Humanity today is like a waking dreamer, caught between the fantasies of sleep and the chaos of the real world -- Edward Wilson
I first encountered one of Tatyana Murray's works in a house of a mutual friend in fall last year. It was a luminescent ghost tree beautifully etched and suspended between layers of glass. As I moved closer the LED light switched off and the image hauntingly disappeared. I decided I had to track down Murray and pay her and her DUMBO studio a visit. But each time we spoke she would mention her new series -- with such a featherlite hop, skip and jump in her voice that her excitement was almost contagious -- and add that she was still working on it, and would give me the signal of when to come. For several months I waited patiently.
Photo courtesy of Marc Lins
Tatyana Murray, 39, cuts a strikingly tall, svelte figure. A free spirit who will resist being pinned down or controlled whatever the cost, Murray is what I call a true right-brainer: Her interactions with the world are wholly intuitive, instinctive and sensuous.
It is exactly this kind of emotive spirit that Murray injects into her art.
Not long after Murray disembarked in New York back in '95, she cast her eyes to the heavens and was instantly enthralled by the light. She dove straight into work, experimenting with light and various media, which culminated in her producing a series of etchings using layers of glass and advanced LED lighting. Her animal skulls, plants and sea creatures look like luminous relics discovered in the dead of night.
She also made sensual abstract sculptures made of hydrocal plaster and wood, evocative of fertility, the female body and embryonic life.
Photo courtesy of Marc Lins
Murray's new body of work, Dystopia, marks the artist's darkest most soul-bearing work to date. "It's funny... for the past year or two I've actually felt more secure and peaceful than ever... and this is when all this dark and powerful art pours forth." It's as though this newfound inner peace and strength enabled a large memory store of emotion to be unleashed.
Photo by Joan Huggard
Using her prized LED lights, glass and drawing technique, Murray has created ghostly depictions of young girls in school uniform shrouded in darkness, either performing an archaic ritual or being mysteriously transported to some fantastical realm.
The work is a powerful expression of poignant, dare I say, traumatic, memories from her childhood.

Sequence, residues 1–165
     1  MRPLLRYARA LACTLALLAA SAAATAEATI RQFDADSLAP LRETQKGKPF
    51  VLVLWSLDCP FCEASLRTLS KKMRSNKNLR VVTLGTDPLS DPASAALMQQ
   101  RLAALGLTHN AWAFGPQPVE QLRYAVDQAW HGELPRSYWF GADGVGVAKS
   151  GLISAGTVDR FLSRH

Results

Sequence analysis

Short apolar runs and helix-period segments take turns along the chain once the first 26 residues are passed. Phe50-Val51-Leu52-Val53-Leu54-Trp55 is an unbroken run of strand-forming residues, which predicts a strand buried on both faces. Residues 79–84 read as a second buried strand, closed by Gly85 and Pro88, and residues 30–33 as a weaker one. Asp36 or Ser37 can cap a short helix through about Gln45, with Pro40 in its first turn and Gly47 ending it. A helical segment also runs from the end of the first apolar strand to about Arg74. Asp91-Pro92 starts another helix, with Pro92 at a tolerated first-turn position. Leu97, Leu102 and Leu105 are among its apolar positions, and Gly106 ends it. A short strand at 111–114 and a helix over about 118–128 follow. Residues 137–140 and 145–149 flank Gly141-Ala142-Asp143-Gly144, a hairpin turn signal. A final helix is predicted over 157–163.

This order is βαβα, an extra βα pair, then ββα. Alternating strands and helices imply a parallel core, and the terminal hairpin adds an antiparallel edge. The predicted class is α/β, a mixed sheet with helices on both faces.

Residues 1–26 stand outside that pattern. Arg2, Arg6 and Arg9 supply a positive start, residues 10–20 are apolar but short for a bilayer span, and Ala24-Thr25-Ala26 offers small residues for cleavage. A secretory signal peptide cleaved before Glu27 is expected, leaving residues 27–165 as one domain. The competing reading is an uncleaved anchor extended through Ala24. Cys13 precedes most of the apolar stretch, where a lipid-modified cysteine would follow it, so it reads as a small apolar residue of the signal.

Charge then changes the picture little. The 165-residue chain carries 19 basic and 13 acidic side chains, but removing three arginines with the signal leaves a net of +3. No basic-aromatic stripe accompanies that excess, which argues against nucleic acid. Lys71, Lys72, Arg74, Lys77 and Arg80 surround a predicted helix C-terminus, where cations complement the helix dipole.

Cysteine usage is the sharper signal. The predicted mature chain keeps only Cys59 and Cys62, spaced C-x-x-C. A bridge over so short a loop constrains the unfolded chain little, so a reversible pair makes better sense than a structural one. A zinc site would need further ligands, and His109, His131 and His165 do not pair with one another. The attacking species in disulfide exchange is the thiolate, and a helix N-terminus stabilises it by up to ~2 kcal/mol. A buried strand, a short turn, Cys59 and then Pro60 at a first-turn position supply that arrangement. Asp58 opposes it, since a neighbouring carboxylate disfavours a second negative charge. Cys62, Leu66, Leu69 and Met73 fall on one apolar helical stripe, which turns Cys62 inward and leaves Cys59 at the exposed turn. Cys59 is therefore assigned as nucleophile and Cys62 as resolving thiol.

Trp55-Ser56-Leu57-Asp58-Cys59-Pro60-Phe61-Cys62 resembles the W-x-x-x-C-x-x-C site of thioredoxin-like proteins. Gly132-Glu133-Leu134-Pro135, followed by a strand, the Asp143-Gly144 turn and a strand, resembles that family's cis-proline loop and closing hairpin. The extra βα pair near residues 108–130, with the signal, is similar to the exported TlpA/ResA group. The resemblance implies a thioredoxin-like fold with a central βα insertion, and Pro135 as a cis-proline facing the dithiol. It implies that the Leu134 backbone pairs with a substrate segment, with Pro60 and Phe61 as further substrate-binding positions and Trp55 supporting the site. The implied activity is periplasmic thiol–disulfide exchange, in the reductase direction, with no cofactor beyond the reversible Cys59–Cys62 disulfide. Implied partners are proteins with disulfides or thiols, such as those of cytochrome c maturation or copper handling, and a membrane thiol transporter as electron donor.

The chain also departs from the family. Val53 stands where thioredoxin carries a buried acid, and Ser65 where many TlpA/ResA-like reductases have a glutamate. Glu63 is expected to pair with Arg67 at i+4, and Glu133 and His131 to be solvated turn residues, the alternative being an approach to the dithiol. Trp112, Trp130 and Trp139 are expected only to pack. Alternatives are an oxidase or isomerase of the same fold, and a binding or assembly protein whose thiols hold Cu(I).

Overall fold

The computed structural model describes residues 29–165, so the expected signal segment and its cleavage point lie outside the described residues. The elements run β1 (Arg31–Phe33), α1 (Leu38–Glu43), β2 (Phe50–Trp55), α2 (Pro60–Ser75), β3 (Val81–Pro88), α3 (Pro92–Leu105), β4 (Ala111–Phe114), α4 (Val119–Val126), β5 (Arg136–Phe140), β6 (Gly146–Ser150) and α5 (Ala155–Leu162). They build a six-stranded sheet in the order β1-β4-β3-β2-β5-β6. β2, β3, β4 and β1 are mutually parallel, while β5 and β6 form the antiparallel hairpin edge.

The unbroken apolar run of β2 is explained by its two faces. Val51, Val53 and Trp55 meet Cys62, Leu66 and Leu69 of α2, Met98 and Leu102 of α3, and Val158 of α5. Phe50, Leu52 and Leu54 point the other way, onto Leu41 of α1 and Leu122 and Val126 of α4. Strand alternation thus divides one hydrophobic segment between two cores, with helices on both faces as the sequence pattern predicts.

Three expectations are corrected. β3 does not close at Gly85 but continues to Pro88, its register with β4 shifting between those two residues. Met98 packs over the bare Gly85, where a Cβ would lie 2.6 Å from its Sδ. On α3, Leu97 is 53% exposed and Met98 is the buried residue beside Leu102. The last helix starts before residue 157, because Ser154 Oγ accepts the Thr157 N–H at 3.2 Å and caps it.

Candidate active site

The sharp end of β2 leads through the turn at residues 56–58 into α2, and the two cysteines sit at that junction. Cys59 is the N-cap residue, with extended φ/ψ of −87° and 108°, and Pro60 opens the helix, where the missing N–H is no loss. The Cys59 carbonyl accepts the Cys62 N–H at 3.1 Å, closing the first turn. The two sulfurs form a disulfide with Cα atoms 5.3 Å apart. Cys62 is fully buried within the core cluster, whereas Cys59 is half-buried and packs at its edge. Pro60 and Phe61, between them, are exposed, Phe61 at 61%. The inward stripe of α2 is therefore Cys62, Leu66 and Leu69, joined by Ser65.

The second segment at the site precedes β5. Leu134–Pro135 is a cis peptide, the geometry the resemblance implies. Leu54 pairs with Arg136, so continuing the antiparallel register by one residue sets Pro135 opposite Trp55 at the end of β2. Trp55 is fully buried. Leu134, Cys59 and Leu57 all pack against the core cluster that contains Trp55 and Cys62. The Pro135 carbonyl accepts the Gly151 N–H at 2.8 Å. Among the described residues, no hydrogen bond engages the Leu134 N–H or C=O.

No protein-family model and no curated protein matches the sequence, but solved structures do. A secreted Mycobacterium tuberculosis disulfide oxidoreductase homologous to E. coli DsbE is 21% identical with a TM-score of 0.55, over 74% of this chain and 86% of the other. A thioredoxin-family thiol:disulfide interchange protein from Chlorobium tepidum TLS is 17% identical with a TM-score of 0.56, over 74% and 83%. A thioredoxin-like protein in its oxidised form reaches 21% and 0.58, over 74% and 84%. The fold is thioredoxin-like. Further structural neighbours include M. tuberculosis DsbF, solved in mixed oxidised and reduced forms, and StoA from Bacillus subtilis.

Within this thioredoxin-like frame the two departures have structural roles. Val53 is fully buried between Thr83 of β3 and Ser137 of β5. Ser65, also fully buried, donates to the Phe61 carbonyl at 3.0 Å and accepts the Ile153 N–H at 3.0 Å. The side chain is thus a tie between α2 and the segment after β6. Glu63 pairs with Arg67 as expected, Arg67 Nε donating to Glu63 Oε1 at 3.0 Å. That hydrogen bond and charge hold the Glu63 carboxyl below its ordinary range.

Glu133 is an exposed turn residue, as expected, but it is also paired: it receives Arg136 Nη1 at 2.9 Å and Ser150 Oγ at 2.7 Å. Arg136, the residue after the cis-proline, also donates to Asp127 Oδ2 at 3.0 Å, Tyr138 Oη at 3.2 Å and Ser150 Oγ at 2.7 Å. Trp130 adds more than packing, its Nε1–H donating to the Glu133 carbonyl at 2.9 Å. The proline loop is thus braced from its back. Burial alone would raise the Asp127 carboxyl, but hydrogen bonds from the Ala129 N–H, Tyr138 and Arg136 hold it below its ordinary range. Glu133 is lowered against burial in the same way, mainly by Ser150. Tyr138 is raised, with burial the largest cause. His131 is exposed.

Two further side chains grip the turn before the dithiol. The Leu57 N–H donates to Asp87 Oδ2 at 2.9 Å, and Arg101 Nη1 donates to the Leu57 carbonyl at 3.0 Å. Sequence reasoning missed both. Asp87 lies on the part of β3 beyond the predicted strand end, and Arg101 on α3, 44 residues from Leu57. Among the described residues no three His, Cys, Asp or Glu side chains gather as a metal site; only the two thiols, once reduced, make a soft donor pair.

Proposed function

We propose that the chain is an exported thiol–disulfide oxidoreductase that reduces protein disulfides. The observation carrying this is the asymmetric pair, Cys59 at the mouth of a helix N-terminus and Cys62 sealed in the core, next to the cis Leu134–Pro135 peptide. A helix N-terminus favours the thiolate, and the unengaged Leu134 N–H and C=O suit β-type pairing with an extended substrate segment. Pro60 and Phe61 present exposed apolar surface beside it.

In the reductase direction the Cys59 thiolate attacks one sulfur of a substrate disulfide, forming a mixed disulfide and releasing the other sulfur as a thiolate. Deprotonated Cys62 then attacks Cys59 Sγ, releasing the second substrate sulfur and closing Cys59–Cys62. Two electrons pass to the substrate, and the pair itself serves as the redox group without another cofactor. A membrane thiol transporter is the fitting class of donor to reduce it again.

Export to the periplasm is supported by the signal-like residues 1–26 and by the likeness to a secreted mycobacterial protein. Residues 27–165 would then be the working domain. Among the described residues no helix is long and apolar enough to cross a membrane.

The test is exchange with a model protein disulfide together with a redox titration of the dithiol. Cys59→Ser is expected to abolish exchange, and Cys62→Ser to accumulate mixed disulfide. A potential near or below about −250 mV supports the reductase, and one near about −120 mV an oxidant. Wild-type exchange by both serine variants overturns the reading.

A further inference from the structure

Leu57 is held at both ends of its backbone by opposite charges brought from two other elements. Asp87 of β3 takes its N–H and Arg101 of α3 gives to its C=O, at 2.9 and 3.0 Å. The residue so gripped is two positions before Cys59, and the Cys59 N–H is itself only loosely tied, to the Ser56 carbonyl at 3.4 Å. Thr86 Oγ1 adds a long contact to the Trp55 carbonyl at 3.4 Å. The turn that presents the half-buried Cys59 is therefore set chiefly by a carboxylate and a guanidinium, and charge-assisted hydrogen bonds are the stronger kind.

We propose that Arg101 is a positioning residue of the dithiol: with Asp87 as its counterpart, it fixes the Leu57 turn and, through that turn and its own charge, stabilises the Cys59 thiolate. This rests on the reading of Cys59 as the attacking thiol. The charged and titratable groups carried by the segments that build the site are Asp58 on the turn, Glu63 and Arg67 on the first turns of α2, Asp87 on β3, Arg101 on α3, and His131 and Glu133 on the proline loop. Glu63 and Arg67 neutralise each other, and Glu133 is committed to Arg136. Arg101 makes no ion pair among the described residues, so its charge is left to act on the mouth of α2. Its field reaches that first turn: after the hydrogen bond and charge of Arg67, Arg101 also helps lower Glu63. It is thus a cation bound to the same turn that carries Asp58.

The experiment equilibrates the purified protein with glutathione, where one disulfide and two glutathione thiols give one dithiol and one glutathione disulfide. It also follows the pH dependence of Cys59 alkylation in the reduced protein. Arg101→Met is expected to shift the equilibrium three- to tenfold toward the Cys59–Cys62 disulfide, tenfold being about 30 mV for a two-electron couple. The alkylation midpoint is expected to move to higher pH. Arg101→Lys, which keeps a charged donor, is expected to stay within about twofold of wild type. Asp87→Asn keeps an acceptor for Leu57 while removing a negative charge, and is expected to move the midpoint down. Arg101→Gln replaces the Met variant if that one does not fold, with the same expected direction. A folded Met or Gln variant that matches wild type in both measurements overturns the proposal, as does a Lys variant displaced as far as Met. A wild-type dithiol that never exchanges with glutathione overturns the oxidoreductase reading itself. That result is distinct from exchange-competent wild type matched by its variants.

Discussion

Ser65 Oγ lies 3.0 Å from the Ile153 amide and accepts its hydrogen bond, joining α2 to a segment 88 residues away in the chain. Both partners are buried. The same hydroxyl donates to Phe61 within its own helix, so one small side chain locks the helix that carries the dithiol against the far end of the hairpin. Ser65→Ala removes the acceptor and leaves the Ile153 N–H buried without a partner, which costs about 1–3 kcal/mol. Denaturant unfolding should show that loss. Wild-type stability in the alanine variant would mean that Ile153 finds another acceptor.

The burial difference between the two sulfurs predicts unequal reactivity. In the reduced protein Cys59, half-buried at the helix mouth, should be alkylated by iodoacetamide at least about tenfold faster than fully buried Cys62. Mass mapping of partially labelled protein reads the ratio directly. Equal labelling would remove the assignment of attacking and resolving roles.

At the tender age of eight, Murray was sent to a series of boarding schools (she hated each one of them) deep in the English countryside. The heavy authoritarian thumb, the forced cohesion, the whole thing, became her nightmare. Murray felt increasingly alone. The terror and the awe-filled excitement of running away into the forest and climbing and hiding in trees are etched indelibly on her mind. She found solace and "made sense of the world' in fantasy and fairy tales -- and, ultimately, in the world of art.
"The art studio was my haven. Whilst all the other kids were hanging out at the shops, I would plug myself into my Walkman and spend hours alone in the studio."
Photo courtesy of Benoit Pailley
Murray explains that while her recent work is mnemonic and intuitive, literary classics, namely Lord Of The Flies and The Brothers Grimm, have resonated with her since she first read them as a child, have had a direct influence upon her interests and the development of her ideas. Mythology, Man in its primitive state, the evolution of the human condition, conflicting impulses towards civilization and living by rules, mob mentality, and loss of innocence are subjects which have always fascinated her.
Dystopia is particularly impactful because through juxtaposing prehistoric, symbolic, and mythological elements; good and evil; fantasy and reality, the artist has created drama, sparked questions rather than provided mere statements, and so opened up the potential for a dialogue with the viewer.
Photo by Benoit Pailley
The installation and sculpture pieces, such as "Vicky" (a small pair of pristine white doll's shoes enclosed in an old iron birdcage) and "Unicorn" (a magnificent bronze horse skull and long glass horn placed upon a glass platform lit up by LEDs) not only bring an impressive coherence to the collection, they also infer a mythological tale, which creates a powerful narrative tension.
The "narrative" could be equally be about a girl -- or Man's -- salvation as it could be about his or her suffering.
In "Anna," does the unicorn skull that rests heavily on the young girl's head suggest oppression from dark and deathly forces? Has this virginal child had to prematurely confront [her own] Mortality? Or, like the children in The Lord of the Flies, has she cast off the shackles of civilization and become a savage, using the unicorn skull as some sort of symbol of tribal identity?
As the viewer, you engage with Dystopia not just because you connect emotionally with the memories, the uncertainty, and the dreams and fantasies of childhood, but also because you are prompted to recognize that desperate and ceaseless search for truth, that existential anxiety that persists into our modern day adult lives.
Shortly after my studio visit with Murray, I found myself pondering Gaugin's famous words...
I begin to feel an enormous need to become savage and to create a new world.
Tatyana Murray has exhibited her work internationally, with solo shows in Paris, London and New York, earning her widespread recognition in several publications such as the NY Times, The Evening Standard, Connaissance des Arts and Surface Magazine amongst others. She is currently working on three commissions and a new series, and has collectors in London, Paris and the Bahamas.